Monday, 26 July 2010

Adnan Mahmutović, the Scholar

So, we have reached the fourth and concluding instalment of Adnan Mahmutović month here at Thus Spake the Mighty Wha-keem. After having dealt with a general introduction, the script writer and the author, it is now time to have a brief introductory look at Adnan Mahmutović the Scholar.

Thus far, his scholarly work includes papers presented on various conferences and symposia between 2004 and 2009, in Norway, Sweden and Cyprus, dealing with subjects ranging from Tennyson's "The Voyage of Maeldun", to film maker Darren Aronofsky (with a focus on Pi and The Fountain), and the notion of Halal history in Salman Rushdie's early fiction (the latter of which is forthcoming later this year as an article in Textual Layering: Contact, Historicity, Critique under the title "Halal History and Existential Meaning in Salman Rushdie’s Early Fiction"). He has already published the articles "The Question of the Uncanny in 'The Rime of the Ancient Mariner'" in The Coleridge Bulletin (Summer, 2007) and "History and the Nervous Condition in The English Patient" in The Journal of Contemporary Literature (2009), and has another article, "The Nomadic Home in Tabish Khair’s Filming" forthcoming in an anthology on Tabish Khair due to be published next year.

On May 8, this year, Mahmutović successfully defended his dissertation Ways of Being Free: Authenticity and Community in Selected Works of Rushdie, Ondaatje and Okri (click on the title to read the abstract) and earned his doctorate in English at Stockholm University. The selected works in question are Rushdie's Midnight's Children, Ondaatje's The English Patient and Okri's The Famished Road, and his approach is one steeped in existential philosophy and postcolonial theory. As such, it is an interesting study, proposing new ways not only of looking at the subject of these novels but also at how these novels can make us look at identity, freedom and postcoloniality through notions of history and death, and authenticity (the latter of which is tied into the notions of community and identity). It reveals Mahmutović's concerns with postcolonial issues of migration and nation, and the condition of the migrant, all of which, to various degrees are concerns that stand revealed in his fiction too.

While I am not always convinced by all the elements in his readings (e.g. his claim, in passing, that Linda Hutcheon's version of postmodernism is ontological in nature rather than epistemological suggests a misreading, or at the very least a mislabelling, of Hutcheon's work), and while the citations sometimes leave a lot to be desired (e.g. there are works cited (in abbreviated form at that) that problematically do not appear on the works cited list at the end, and sometimes citations are rather unclear in general), the ideas and readings presented are both interesting and valuable. The theoretical framework of existential philosophy and postcolonial criticism (in the case of the latter, in particular the kind that ties in with existential philosophy) is nicely placed in a wider philosophical context, which is very beneficial to the work as a whole. If I have one (perhaps minor) complaint in this department, it is that Mahmutović's reliance on in particular Sartre, Camus and Heidegger do a slight injustice to his equal reliance on Frantz Fanon. Fanon's idea of a "nervous condition" (see The Wretched of the Earth) comes across as a purely philosophical concept alongside Sartre's, without accounting for Fanon's being a trained psychiatrist who discovered signs of psychological nervous conditions in his (post-)colonial patients in Algeria during the rising against the French. In that context, the lack of any references to Freud or psychoanalysis in Mahmutović's dissertation does seem to be a weak spot, especially given that its focus on the "nervous condition" and the existential angst or anguish that he works with would probably be problematised further with that additional contextualisation of Fanon. And I say that as someone not overly enthused about either Freud or psychoanalysis.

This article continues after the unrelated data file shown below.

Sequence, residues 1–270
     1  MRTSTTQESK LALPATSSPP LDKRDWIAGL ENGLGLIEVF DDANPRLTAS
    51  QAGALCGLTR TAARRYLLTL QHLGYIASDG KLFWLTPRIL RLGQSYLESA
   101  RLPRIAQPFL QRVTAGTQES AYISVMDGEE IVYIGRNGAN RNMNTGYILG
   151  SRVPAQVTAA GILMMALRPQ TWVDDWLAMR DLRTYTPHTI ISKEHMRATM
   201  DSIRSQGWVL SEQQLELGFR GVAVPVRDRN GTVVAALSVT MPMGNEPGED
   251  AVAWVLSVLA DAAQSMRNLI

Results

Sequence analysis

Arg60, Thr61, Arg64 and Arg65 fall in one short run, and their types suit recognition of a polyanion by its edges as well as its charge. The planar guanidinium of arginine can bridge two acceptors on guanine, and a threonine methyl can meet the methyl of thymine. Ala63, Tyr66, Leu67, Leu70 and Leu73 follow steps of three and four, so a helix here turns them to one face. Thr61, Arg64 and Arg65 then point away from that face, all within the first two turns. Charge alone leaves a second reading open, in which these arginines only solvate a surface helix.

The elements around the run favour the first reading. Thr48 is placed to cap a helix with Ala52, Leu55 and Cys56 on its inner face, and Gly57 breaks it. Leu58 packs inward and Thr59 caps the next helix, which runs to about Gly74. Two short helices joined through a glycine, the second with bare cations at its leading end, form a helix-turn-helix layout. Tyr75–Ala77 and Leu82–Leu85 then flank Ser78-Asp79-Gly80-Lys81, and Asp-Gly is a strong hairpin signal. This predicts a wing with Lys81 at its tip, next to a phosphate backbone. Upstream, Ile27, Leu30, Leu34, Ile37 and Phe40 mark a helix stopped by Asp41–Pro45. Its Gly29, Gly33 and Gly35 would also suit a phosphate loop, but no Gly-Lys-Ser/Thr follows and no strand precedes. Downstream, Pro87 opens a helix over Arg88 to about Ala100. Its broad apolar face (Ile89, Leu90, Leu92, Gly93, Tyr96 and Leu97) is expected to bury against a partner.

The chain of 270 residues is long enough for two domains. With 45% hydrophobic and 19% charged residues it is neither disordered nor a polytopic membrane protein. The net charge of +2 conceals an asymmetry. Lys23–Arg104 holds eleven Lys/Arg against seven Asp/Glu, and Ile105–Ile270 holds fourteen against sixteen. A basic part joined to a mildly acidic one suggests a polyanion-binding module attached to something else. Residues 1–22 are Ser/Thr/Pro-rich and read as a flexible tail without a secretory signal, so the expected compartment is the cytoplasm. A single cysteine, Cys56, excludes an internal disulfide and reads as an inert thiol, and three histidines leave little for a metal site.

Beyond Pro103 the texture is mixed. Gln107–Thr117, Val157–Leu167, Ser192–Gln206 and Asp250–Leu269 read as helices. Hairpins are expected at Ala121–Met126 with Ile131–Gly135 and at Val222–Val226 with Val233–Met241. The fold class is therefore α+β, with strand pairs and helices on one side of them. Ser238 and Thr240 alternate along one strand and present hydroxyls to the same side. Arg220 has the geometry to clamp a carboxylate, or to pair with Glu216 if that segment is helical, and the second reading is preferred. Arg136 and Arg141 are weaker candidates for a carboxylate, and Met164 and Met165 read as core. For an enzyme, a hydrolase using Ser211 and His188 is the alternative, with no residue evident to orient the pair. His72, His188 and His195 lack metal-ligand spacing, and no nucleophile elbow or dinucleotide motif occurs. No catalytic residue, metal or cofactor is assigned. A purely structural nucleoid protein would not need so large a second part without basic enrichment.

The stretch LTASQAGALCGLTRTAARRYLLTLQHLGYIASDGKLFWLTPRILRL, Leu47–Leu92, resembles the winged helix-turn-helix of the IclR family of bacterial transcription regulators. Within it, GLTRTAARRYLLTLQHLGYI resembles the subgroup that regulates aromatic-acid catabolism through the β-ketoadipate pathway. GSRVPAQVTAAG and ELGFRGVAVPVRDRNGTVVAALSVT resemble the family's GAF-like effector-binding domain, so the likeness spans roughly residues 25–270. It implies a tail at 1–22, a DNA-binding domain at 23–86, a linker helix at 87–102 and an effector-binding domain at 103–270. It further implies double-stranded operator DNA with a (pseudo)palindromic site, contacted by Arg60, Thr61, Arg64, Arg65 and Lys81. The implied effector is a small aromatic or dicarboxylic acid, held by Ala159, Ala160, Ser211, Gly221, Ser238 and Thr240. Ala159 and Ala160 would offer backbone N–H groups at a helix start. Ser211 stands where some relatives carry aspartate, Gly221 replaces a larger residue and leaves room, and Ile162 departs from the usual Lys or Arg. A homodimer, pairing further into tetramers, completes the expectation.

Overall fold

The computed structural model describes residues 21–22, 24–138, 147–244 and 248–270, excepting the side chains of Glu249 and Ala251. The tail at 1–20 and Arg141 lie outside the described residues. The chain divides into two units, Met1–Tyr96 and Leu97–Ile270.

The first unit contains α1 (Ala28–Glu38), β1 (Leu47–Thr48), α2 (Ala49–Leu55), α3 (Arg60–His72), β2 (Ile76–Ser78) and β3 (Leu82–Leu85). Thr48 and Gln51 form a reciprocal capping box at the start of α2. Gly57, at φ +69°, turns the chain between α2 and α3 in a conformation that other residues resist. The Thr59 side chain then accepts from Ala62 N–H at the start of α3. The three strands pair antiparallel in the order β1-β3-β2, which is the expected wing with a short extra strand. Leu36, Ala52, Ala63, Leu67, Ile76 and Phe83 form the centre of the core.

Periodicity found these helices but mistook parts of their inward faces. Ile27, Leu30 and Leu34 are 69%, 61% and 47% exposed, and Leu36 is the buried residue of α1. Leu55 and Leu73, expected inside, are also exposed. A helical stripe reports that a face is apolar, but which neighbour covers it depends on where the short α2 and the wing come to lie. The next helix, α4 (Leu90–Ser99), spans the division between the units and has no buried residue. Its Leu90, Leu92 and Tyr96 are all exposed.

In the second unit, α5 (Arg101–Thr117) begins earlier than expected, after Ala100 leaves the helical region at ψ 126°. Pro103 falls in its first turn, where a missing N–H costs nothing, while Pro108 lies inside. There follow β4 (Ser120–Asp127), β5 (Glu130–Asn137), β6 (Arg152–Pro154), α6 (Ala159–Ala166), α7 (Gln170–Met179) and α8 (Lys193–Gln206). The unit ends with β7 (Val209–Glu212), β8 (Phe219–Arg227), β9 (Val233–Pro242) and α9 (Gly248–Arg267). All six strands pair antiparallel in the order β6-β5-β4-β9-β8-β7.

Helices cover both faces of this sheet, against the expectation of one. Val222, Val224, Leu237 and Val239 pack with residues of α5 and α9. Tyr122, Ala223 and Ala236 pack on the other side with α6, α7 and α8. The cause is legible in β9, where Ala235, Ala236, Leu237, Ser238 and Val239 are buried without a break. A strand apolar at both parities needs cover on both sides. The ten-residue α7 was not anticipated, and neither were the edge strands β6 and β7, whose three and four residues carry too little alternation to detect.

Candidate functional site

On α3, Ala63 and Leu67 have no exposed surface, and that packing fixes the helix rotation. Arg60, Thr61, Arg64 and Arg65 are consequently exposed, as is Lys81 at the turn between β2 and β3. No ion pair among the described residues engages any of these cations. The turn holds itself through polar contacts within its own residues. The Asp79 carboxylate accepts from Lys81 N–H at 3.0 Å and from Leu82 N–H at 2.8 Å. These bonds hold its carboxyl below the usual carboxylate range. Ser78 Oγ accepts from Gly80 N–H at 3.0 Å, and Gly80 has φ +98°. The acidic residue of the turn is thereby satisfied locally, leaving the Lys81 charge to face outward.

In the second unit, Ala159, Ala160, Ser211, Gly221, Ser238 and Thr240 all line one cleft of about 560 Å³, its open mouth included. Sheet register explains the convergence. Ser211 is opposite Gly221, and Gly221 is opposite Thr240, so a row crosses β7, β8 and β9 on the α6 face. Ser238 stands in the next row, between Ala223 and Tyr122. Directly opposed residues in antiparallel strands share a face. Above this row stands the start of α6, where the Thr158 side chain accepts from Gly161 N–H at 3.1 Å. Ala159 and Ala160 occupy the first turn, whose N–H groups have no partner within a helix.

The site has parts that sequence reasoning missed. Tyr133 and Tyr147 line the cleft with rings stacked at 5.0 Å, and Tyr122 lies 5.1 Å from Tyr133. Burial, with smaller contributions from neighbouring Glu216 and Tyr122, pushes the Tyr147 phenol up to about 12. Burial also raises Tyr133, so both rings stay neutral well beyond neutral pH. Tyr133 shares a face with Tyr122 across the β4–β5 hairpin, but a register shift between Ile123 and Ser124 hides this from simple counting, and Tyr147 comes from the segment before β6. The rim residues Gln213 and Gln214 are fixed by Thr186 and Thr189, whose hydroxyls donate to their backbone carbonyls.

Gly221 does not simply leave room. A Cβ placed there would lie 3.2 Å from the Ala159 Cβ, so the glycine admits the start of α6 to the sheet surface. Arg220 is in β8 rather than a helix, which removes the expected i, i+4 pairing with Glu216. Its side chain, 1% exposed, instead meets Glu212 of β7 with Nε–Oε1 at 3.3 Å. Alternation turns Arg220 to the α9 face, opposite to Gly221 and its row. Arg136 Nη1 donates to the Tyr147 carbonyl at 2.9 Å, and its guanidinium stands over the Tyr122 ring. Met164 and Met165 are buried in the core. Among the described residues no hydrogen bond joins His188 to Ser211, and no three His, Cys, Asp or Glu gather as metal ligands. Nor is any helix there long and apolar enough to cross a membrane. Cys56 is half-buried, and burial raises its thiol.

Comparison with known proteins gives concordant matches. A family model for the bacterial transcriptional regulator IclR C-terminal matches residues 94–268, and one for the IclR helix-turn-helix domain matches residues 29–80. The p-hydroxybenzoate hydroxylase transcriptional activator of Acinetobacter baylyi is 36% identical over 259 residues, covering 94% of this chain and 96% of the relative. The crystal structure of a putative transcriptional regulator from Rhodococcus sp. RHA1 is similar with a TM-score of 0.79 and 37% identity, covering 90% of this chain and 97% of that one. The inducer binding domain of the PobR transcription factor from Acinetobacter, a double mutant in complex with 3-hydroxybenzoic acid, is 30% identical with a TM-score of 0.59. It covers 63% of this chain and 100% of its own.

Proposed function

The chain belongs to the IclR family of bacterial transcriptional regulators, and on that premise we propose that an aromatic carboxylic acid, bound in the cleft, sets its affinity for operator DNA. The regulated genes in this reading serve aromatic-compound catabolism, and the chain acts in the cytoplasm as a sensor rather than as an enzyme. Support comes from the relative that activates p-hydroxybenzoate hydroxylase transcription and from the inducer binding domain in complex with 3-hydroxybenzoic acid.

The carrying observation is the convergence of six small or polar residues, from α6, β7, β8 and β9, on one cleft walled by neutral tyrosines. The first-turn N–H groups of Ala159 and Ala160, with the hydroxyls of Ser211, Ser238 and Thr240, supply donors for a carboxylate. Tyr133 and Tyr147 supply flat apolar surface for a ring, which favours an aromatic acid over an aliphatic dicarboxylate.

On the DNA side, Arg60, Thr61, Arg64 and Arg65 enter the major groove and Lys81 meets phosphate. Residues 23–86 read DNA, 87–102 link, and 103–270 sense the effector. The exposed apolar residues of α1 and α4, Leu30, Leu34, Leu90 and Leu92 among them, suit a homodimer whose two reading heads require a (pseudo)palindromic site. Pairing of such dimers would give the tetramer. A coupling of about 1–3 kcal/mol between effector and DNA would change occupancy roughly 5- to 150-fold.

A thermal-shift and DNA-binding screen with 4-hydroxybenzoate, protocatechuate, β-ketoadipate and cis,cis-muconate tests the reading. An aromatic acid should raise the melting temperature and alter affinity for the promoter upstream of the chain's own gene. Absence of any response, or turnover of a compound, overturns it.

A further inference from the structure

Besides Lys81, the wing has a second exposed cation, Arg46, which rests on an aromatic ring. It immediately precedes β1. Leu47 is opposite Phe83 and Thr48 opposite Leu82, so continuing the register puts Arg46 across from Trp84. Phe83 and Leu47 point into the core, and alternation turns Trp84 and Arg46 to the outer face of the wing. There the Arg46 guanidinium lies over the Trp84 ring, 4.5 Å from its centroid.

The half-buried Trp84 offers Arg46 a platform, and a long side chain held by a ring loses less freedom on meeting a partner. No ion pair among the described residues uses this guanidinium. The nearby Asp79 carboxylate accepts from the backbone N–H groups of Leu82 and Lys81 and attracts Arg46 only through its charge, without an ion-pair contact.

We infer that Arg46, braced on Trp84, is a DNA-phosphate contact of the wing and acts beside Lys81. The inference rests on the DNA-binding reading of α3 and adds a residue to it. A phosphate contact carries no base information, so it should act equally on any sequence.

I will not dive deeper into the individual readings here. This is not the forum for it; there is simply not space to go into a deeper critical discussion. After all, I would not want to bore you, gentle reader, with a too detailed and nigh endless (perhaps even overly academic) account of this piece of academic work and literary criticism. Nor, in all honesty, do I have the time to do so. Still, if the questions of the dissertation interest you or if any or all three of these authors or novels interest you, this is a dissertation well worth reading, if nothing else for its rigorous use of existential philosophy in combination with postcolonial theory in a manner in which it has not really been applied to these work before.

And with that, it is time to close the door on this four-parter, our Adnan Mahmutović month. I hope you have enjoyed it and that you maybe feel inclined to delve deeper into things Mahmutović; whether you opt for his blog, his film work, his fiction or his academic work (or why not combinations thereof). I am certain I will have reasons to discuss his work more in the future, but for now, in the undying words of Porky Pig, "That's all, folks!"

I will see you again next week, with all new topics to muse on.

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